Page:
Long Reads        


Recipe: Quince Jam, Jelly and Paste

As promised, here are some quincey recipes for y’all! A little late, grant ya, but DON’T JUDGE I’m a busy lady.

Quince Jam

First off you’ll need to peel, core and chop the quinces. This is annoying and difficult because quinces are knobbly and fuzzy and real tricky to cut so WATCH YOUR FINGERS. About a 1-2cm dice is ideal.
Weigh out your clean, diced fruits, then pop them in a heavy saucepan and top them up with a little water- about three quarters of the way up the side. Save a few pinches of peeled skin and cores and tie them up in a square of clean cloth. Pop that in the pot as well- the
Simmer them until they soften up. This will take a LONG TIME so be PATIENT. Feel free to break up any chunks with your spoon.
Once they’re nice and soft you’re ready to add in your sugar. I went with 3 parts sugar to 4 parts fruit, maybe a little less? See how your sweet tooth is feeling on the day I guess.
Now there’s nothing to do but let the damn thing bubble away until it’s thick. Try and refrain from stirring too much at this point as you’ll crystallise the sugar (but obviously try to avoid burning it). I made a HEAP of jam and it took like 3 hours, so get a good show ready to binge. It’s delightful to see the colour change to that deep ruby colour so don’t forget to watch the jam too.

The jam is ready once it passes the ‘wrinkle test’. If you don’t remember what that is i will direct you to my previous post about Strawberry Jam. Pop the finished jam into hot sterilised jars (again, read this if you’ve forgotten) and seal them up real good.

Quince Paste

Quince paste is a delicious accompaniment to cheese, cured meats, olives; basically all the good stuff. It’s also known as membrillo in Spain, and often served with Manchego cheese. In Portugal it’s called marmalada and FUN FACT this is the origin of what we now know as marmalade. Traditionally it’s made of quinces not citrus! WHAT A FUN FACT!

Okidoki SO we’re going to start out exactly the same way as the jam. Clean/chop/simmer til soft etc. Before you add any sugar push the soft fruit through a sieve into a big bowl and weigh it. You’ll need an equal amount of sugar (YES I KNOW IT’S A LOT SETTLE DOWN) so chuck that in the pot and simmer it for a loooooooong tiiiiiime.
Seriously, longer than for jam. Stir only as often as you need, although that will become more frequent as the paste gets thicker. Eventually it will be so thick that when you stir it, your wooden spoon will leave a clear trail along the bottom of the pan.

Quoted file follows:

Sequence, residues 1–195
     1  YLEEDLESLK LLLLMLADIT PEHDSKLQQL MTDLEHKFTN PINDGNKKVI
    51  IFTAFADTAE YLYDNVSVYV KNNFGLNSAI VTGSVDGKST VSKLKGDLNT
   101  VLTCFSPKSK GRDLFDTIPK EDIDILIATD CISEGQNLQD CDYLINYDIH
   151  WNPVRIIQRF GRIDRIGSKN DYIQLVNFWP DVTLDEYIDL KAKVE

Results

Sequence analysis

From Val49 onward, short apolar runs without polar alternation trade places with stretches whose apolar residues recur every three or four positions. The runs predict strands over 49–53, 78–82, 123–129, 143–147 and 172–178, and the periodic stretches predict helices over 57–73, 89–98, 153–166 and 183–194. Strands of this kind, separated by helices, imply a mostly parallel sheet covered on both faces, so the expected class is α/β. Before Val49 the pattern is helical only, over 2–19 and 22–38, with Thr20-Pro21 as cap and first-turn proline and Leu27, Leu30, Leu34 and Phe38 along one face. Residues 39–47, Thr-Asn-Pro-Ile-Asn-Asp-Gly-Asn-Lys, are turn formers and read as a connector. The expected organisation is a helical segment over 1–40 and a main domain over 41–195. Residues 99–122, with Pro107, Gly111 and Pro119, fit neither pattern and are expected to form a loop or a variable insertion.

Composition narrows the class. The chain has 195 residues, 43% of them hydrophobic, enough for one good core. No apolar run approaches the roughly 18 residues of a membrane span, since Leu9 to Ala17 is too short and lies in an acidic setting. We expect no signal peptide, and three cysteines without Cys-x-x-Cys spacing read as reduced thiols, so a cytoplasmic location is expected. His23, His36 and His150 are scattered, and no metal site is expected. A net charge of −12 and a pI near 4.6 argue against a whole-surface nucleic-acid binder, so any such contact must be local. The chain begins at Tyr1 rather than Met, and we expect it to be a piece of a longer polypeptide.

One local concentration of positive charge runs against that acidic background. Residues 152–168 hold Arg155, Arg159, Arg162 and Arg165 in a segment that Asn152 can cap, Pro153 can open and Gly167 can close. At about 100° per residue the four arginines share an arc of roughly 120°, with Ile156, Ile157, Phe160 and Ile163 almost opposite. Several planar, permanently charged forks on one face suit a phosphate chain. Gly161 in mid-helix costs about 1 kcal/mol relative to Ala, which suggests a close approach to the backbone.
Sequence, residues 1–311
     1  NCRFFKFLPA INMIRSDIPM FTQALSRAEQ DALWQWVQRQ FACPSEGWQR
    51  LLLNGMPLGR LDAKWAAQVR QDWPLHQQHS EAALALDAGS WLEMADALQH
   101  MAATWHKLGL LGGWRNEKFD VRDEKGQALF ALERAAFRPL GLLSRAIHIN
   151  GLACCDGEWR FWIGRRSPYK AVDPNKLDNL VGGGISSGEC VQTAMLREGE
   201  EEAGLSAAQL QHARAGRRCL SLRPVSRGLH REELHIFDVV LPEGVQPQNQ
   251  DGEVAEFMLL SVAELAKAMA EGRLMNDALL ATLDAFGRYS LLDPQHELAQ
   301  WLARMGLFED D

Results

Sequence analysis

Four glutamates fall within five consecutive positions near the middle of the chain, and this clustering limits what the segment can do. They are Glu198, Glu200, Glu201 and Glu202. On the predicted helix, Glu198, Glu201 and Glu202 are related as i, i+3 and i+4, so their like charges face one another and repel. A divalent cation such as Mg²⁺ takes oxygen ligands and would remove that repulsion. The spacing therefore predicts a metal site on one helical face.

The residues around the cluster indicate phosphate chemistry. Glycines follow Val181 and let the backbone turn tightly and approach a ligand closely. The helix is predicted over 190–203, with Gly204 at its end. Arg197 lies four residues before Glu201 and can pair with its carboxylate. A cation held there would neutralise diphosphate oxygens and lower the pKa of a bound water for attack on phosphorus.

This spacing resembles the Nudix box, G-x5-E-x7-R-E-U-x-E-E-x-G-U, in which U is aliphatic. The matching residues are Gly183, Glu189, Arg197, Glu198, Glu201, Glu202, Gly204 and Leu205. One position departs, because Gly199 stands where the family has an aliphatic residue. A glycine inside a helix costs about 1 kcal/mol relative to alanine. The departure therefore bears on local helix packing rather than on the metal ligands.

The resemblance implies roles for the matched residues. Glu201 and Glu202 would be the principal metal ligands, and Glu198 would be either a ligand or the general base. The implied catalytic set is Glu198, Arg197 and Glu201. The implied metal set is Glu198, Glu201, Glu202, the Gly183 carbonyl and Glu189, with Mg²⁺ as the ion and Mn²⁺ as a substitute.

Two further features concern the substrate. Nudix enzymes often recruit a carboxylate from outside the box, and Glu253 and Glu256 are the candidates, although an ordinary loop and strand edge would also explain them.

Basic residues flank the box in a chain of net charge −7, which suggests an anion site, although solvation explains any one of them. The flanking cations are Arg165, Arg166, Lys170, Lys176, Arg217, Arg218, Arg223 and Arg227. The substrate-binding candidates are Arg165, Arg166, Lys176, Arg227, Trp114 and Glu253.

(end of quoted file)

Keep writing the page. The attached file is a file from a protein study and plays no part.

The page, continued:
Line a lamington tin with baking paper and scrape the paste into it, smoothing it out. Leave it in a very very very low oven for several hours or even overnight until it’s very firm. Cool it, cut it up into chunks and wrap up the pieces. It will keep for basically ever, although chances are you will eat it all real quick with delicious cheese because it’s SO GOOD.

Another option is to dry out the paste in a thin sheet on a baking tray to make delicious roll ups. I like to take them as snacks on long hikes because I am VERY CLASSY.

Quince & Cardamom Jelly

I got this wonderful recipe from The Modern Preserver which I borrowed from a good friend and neighbour. I have a few tweaks because of who I am as a person, but i definitely recommend the book because there are lots of awesome recipes and ideas in there.

Take about 1.5kg cleaned, cored quince and cover with water and boil the crap of out it until it’s soft and mash it up a little.
Strain through a cloth in the fridge overnight to collect the juice (FUN LUCY TWEAK: save all the leftover pulp for a sneaky batch of quince paste). You should have about a litre of juice, so add 800g sugar, 30ml lemon juice and a couple of cardamom pods.
Bring it to the boil slowly to dissolve the sugar, and then rapidly boil for about 20 minutes. Use the wrinkle test to check if it’s set. Skim any scum from the surface and allow it to sit for 5 minutes so the bubbles can dissipate. Pour into hot sterilised jars, keeping a cardamom pod in each jar cause that flavour will keep steeping.

Cardamom is SUCH A GOOD MATCH for quince and I’m pretty much obsessed with this.

ANYWAY let me know if y’all have a go at any of these. Quinces are so good, and it’s really worth it!

Recipe: Limoncello

A Quincidental Remedy

A Quincidental Remedy